Last year in March, Italy became the only European country that signed up for Chinese President Xi Jinping’s ambitious Belt and Road Initiative (BRI). Seven months later, Italy’s fashion capital Milan’s official promotional agency partnered with China’s Internet giant Tencent Holdings to attract greater number of Chinese tourists.

All the top members of EU perceived Italy’s deals with China as a threat to European security, autonomy, sovereignty

In November 2019, Italy invited a group of 10 police officers from China to jointly patrol for three weeks to help with the safety of Chinese residents and travelers in Italy. It was the fourth joint police patrol between the two countries.

A week or so later, a 55-year-old individual from Hubei province in China contracted novel coronavirus, the disease that was later detected in its epicenter, Wuhan city. On January 31, Italy became the first European Union member to suspend flights to and from China, Hong Kong, Macau and Taiwan in an attempt to prevent the outbreak of the Covid-19. By that time, over 200 people had died and over 9,000 people had been infected in China.

The ban on air services offended China so much that Italy’s President Sergio Mattarella sought to placate Beijing by writing an open letter to his Chinese counterpart Xi Jinping on February 2. He not only reassured China to rely on Italy but hosted China’s ambassador for a concert at the presidential palace.

 by .
A woman walks past the Colosseum in Rome, Italy. (Photo by Elisa Lingria/Xinhua)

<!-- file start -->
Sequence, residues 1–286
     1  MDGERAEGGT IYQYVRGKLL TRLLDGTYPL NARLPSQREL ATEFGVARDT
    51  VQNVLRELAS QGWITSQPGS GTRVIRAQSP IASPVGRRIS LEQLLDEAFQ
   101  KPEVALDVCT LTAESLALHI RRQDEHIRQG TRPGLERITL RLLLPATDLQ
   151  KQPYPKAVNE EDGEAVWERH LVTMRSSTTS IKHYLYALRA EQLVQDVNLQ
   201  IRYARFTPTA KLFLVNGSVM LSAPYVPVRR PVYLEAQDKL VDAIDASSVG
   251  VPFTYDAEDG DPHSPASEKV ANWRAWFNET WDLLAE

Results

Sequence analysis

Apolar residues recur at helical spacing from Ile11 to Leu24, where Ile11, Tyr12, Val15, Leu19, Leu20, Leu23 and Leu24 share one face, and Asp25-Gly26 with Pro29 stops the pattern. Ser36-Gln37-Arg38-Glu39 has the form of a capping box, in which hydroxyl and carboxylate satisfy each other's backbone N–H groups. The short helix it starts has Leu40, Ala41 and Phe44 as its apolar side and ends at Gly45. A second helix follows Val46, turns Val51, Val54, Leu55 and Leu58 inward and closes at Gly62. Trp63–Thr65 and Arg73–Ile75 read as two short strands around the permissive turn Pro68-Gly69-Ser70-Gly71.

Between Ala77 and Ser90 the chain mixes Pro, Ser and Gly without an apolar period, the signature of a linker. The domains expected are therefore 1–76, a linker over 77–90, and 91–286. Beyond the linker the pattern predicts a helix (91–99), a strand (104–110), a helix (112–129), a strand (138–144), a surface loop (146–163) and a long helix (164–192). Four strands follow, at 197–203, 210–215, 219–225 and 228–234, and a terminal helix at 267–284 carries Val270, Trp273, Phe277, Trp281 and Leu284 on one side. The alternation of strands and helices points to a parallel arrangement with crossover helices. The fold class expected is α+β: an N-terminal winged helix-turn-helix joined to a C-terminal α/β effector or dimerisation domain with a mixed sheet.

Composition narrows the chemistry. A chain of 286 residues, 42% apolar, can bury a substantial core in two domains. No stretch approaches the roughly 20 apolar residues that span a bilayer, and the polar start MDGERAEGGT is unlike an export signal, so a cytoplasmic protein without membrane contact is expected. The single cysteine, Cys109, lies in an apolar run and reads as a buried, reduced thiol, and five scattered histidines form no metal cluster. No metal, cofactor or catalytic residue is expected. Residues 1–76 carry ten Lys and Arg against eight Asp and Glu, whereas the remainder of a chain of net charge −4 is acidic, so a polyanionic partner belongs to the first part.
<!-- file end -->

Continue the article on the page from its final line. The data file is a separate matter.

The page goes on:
A couple of days later, Mayor of Florence Dario Nardella asked residents to embrace Chinese people to show solidarity and support in their fight against the contagious disease.

Incidentally, a member of Associazione Unione Giovani Italo Cinesi, a Chinese society in Italy that promotes friendship between people of the two countries, called for respect for the covid-19 patients at a street demonstration. A video run by China Global Television Network showed Italians hugging Chinese people in the streets during the campaign ‘I’m not a virus. I’m a human. Eradicate the prejudice.’

Italy is home to the largest Chinese population in Europe, with around 3,30,000 people, according to Eurostat data.

Last year, Italy was in the spotlight for being the first EU member that decided to be part of Xi’s BRI. Though it is third-largest economy in EU, it has relatively lesser Chinese investment compared to other countries in Europe. To catch up, Italy’s Prime Minister Giuseppe Conte agreed with Xi to improve connectivity between Italy and China by building ports.

During Xi’s visit to Rome, the two countries signed 29 deals worth 2.8 billion USD. The deals included commitments to open Italy’s ports to Chinese investment, partnership between Chinese and Italian banks, contracts for Italian companies in agriculture, finance, engineering and energy sectors.

While it raised concerns in the US over Beijing’s push for economic influence in the region, all the top members of EU perceived Italy’s deals with China as a threat to European security, autonomy, sovereignty. But Italy went ahead because like many other European countries, the country has been suffering from mass unemployment and economic slowdown.

Advertisements

LEAVE A REPLY

Please enter your comment!
Please enter your name here